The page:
The Court of Justice of the European Union has expanded the originality requirement of “intellectual creation of its author” beyond the field of software, photographs and databases, where it was confined by the relevant Directives. It can be said that nowadays the originality requirement in EU copyright law is the author’s own intellectual creation; See, inter alia, Case C-5/08, Infopaq International A/S v Danske Dagblades Forening, of 16 July 2009; Bently 2012; Griffiths 2013; Margoni 2014.
See Case C-419/13, of 22 January 2015 Art & Allposters International BV v Stichting Pictoright, (Allposters); See Margoni 2014, p 23.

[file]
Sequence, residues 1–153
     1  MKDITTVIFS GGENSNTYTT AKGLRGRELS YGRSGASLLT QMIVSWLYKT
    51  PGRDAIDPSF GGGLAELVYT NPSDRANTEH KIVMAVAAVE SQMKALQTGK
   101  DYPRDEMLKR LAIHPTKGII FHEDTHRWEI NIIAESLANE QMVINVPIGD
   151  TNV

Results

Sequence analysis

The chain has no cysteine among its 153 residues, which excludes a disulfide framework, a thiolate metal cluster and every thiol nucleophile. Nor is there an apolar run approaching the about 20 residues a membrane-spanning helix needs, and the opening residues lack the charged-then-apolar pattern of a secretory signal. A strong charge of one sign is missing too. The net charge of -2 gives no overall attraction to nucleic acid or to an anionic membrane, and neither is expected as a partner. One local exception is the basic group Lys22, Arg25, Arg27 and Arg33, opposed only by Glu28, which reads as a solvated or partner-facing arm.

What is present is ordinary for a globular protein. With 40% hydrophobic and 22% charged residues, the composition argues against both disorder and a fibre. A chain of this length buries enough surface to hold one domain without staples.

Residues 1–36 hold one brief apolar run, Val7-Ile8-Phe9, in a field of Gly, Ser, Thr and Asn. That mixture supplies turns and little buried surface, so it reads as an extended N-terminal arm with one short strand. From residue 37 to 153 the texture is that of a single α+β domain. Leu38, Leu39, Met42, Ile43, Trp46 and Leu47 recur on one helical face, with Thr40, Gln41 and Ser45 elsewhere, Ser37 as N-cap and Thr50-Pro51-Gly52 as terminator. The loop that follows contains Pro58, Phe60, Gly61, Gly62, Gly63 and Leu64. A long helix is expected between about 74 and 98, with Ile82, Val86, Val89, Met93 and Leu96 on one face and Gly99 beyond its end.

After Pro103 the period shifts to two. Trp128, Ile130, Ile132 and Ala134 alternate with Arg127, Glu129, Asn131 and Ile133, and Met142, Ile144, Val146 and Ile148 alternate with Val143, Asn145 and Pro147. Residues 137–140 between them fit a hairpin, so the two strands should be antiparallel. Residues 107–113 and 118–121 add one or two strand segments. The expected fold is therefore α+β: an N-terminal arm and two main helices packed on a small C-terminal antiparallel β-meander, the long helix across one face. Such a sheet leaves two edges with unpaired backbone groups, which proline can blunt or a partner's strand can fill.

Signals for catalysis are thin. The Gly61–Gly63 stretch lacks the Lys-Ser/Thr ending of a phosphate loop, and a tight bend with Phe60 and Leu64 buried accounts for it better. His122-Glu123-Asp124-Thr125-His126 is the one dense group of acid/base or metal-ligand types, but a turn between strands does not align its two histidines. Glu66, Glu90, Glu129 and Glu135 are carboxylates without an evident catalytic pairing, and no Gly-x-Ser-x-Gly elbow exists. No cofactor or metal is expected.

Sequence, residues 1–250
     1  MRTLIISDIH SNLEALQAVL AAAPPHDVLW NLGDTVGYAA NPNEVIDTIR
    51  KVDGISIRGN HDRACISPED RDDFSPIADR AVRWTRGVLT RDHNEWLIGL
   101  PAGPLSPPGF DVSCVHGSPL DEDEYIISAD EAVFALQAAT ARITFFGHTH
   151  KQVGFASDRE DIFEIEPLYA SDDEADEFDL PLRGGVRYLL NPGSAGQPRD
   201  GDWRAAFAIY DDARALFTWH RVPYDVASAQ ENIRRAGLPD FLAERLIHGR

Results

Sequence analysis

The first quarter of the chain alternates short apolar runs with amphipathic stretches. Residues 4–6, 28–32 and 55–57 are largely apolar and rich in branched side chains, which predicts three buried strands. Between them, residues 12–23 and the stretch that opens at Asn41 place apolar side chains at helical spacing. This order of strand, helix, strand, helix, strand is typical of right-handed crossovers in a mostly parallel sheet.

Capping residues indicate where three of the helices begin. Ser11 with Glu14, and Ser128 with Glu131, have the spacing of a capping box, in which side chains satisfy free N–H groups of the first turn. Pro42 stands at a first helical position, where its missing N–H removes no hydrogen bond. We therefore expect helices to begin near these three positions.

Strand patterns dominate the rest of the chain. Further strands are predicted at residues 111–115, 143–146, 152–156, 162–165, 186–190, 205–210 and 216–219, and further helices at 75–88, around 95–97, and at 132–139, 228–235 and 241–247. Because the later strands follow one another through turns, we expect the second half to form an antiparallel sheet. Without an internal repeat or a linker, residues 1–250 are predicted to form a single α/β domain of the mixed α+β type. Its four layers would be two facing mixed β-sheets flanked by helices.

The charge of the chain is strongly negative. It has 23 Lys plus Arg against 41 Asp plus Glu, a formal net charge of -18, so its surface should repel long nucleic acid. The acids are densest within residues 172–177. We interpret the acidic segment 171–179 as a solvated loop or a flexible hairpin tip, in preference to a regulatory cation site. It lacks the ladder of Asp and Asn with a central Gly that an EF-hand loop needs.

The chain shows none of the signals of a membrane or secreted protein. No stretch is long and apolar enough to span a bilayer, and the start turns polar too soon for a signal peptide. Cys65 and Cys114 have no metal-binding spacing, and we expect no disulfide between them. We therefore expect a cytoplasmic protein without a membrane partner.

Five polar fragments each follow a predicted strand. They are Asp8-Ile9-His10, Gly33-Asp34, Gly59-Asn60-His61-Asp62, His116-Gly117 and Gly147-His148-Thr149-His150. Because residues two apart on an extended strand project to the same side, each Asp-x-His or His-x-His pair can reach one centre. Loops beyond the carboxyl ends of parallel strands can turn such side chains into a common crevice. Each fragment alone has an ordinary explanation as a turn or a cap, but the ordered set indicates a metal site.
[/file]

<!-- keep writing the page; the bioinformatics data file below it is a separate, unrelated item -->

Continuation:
See above footnotes 8 and 9.
See for example the facts of the Donner case, Case C 5/11, 21 June 2012.
See Case C-168/09 Flos v Semeraro.
However this interpretation would contrast with the plain meaning of the Design Regulation, especially Article 96(2) which reads “A design protected by a Community design shall also be eligible for protection under the law of copyright of Member States as from the date on which the design was created or fixed in any form. The extent to which, and the conditions under which, such a protection is conferred, including the level of originality required, shall be determined by each Member State”. This provision, in fact, seems to apply to both Community Registered and Unregistered Designs and therefore MS should be free to determine the level of originality for Community Unregistered Designs. Since the protection of UCD is automatic upon creation this situation is in apparent logical contradiction with the statement of the ECJ at para 34 of Flos.